Saturday, January 24, 2015

Saturday Serendipity (January 24, 2015)

The following are a few recommendations for inclusion on your reading list this weekend. 

1.  If you have New England roots in Western Massachusetts, you should check out the Western Massachusetts Families in 1790 at American  Eleven new sketches of families that were enumerated in the 1790 census for Berkshire and Hampshire Counties have been added.  Those added are the families of: Benjamin Brooks; Noah Brown; Gideon Martin: Simeon Martin; Jonathan Needham; Catharine Needham; Joseph Payne; William Snow (in Wilbraham); William Snow (in Springfield); Ichabod Stockwell; and Tahan Taylor.    

2.  As we genealogists (professional and amateur) know, the digital/computer revolution has brought huge changes to the field of genealogy. The next stage in information evolution is certainly the rise and development of AI or Artificial Intelligence. I cannot imagine how this next evolutionary step will affect genealogy, but it is sure to do so in some way. With that in mind, I recommend a read at Wait But Why blog about artificial intelligence. Part 1 "The AI Revolution: The Road to Superintelligence" is available here.    

3.  It is the kind of news that brings shudders to those who pursue genealogy -- the loss of extremely valuable and many times irreplaceable records and information from fire, flood, or other natural disaster. But what can really perplex and frighten a genealogist are the actions that knowingly and  intentionally lead to the demise of genealogy sources and resources -- actions such as those contained in a bill introduced in the Indiana legislature. A new bill in the House would cut a huge 24% of the funding to the Indiana State Library AND eliminate every penny of funding for the Genealogy Department of the Library.  Read about this potential tragedy here at The Legal Genealogist blog.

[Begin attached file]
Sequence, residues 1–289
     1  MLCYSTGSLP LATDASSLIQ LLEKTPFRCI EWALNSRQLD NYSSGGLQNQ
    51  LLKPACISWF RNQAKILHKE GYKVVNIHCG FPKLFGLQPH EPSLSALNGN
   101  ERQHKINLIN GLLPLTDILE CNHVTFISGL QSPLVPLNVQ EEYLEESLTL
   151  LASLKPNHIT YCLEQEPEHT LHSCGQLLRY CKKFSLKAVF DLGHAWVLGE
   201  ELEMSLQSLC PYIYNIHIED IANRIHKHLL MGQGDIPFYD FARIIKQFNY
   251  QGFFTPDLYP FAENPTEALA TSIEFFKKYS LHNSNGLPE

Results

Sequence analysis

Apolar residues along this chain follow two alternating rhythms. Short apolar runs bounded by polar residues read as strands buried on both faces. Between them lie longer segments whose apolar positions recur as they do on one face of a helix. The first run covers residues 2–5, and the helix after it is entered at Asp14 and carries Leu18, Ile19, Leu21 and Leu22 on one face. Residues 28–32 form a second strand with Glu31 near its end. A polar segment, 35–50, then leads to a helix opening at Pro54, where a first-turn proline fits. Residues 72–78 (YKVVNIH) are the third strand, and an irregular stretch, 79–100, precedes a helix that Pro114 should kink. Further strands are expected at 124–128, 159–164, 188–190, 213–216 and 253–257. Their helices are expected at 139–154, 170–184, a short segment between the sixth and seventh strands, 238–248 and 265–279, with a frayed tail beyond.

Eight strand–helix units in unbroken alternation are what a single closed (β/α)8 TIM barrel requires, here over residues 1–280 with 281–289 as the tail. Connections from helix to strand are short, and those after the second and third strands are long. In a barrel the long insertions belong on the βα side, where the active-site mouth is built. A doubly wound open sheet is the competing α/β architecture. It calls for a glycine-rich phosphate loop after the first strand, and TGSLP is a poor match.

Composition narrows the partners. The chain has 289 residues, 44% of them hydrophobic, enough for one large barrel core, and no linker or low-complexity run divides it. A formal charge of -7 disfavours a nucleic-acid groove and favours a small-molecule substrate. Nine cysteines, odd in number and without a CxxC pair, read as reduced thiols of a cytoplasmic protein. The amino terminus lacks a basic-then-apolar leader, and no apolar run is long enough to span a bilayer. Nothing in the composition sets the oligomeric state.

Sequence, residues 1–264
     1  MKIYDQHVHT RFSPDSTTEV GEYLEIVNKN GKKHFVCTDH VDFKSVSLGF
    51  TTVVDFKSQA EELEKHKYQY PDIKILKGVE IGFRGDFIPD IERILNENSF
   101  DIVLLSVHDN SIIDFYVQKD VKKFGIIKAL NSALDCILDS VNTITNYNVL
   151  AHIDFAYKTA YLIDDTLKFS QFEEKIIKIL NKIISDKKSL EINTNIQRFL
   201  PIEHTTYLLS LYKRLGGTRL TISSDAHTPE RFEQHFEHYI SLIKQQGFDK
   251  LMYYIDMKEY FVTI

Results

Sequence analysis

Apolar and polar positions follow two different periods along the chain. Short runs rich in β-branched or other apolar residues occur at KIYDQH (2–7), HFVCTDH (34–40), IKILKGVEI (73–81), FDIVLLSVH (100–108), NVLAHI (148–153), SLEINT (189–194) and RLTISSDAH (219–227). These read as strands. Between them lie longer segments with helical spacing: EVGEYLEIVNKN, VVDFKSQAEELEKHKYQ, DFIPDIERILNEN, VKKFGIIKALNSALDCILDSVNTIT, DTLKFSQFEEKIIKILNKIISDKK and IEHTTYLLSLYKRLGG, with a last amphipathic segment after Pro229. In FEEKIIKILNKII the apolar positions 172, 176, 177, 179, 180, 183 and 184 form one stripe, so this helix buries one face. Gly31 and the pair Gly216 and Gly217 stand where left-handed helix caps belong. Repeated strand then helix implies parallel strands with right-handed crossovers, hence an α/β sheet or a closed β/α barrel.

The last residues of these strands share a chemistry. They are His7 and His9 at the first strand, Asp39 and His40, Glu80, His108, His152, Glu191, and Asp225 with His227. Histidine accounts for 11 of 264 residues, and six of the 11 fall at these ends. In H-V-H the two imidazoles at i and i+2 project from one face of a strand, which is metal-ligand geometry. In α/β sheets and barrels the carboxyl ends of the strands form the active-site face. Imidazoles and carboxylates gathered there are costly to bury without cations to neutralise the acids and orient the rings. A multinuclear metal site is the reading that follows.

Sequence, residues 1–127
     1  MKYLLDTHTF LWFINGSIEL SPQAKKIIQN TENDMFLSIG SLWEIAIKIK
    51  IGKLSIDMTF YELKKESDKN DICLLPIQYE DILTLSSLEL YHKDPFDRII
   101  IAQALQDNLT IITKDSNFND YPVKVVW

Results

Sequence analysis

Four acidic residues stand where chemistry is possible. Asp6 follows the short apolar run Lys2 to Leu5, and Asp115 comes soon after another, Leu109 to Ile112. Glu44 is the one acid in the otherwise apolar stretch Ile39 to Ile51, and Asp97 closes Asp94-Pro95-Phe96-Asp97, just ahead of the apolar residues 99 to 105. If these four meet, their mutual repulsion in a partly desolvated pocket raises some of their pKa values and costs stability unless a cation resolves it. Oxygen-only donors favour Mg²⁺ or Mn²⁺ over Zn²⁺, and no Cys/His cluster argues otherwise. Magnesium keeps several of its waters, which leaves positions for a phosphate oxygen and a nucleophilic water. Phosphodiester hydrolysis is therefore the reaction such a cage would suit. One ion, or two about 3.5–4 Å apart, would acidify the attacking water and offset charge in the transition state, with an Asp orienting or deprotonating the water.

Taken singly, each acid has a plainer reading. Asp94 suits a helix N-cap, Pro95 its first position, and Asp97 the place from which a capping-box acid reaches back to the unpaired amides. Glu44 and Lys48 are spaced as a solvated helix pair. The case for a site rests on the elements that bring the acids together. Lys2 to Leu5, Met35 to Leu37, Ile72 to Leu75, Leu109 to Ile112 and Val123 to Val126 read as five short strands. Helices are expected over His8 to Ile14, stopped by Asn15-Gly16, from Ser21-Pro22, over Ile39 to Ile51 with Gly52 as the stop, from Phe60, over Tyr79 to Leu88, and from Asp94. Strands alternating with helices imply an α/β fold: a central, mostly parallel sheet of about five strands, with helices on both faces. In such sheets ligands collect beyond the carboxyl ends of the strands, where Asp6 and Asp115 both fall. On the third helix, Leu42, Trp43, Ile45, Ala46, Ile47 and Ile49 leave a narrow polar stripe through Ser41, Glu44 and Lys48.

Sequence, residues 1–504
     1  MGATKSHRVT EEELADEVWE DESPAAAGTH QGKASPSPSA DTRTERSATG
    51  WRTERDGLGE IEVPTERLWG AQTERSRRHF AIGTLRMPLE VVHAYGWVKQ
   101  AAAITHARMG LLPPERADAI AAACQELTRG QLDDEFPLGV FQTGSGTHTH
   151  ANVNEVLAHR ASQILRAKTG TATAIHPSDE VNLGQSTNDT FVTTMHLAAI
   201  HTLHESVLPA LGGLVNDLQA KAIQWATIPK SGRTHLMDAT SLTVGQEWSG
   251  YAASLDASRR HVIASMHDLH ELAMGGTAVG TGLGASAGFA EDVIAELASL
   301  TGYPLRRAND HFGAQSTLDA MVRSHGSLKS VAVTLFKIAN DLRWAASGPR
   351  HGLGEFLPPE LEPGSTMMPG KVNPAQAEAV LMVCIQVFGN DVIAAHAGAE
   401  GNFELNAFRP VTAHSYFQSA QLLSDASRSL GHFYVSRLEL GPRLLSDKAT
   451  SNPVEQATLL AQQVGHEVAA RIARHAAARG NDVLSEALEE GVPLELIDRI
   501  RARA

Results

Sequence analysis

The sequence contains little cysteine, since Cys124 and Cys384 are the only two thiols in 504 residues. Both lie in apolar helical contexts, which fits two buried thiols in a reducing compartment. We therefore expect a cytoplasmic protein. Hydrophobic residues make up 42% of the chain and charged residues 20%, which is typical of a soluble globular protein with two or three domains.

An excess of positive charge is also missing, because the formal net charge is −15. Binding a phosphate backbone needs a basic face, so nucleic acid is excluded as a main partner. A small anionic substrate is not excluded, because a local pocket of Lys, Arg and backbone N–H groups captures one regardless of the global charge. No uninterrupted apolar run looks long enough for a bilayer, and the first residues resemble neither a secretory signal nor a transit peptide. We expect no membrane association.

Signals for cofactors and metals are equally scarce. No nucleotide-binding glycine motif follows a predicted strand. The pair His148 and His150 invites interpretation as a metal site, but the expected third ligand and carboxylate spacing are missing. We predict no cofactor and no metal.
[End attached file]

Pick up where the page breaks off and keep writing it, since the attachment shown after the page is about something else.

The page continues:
4.  James Tanner at Genealogy's Star blog posted an interesting and useful piece (several links are provided) about parcel maps. You can read his post here.         

5.  Soldiers and Inmates enter the world of genealogy! 
In two stories of interest in The Weekly Genealogist of NEHGS you can read about programs to promote an interest in genealogy. The Sons of the American Revolution (SAR) has launched "Operation Ancestor Search" to teach injured and ill service members at Fort Hood in Killeen, Texas the fundamentals of researching their family history. Inmates in county jails throughout Utah, Arizona and Idaho -- nearly 2,300 of them -- are volunteering to form indexing teams to help organize genealogical records around the world. You can read about this program here 

6.  Do you have any ancestors or relatives that attended the Northern Illinois State Teachers College in DeKalb, Illinois and graduated in 1933 -- or do you think an ancestor or relative might have done so? If so, you should check out this post at This I Leave blog.  Donna Catterick has posted the 1933 Commencement program showing her mother's graduation, but there are also four pages of the names of other graduates for you to check out. You never know who you might find listed there that could add to your genealogy.       

7.  It is always useful to find a quick and handy list of new or updated databases that might be of use to your genealogy research.  Randy Seaver of Genea-Musings blog provides just such a list for database happenings on  You can see Randy's quick list here.       

8.  Upfront With NGS blog had an interesting and thought provoking piece this week about the discovery and preservation of previously undeveloped film containing images lost in time. The post has several useful links, as usual for this blog. As genealogists we know the value of preserving images so they are available for future generations and genealogy blogs surely provide a service in that endeavor.  Read more about undeveloped film archives and preservation here.     

9.  And finally, here is a very informative and useful post from The Ancestor Hunt blog by Kenneth R. Marks. The post provides a list (with links) to 160+ FREE online U.S. newspaper collections from 25 states. The states on the list are: ME, NH, VT, MA, RI, CT, NY, PA, GA, ID, IL, IN, IA, KS, KY, LA, MS, MT, NE, NC, OH, OR, SD, TX and WI.          

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Copyright 2015, John D. Tew
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1 comment:

  1. Thank you for pointing out the "Operation Ancestors Search" at Fort Hood. I live in the next town and our little genealogy group, composed mainly of retired service members and military spouses didn't know about it. Annick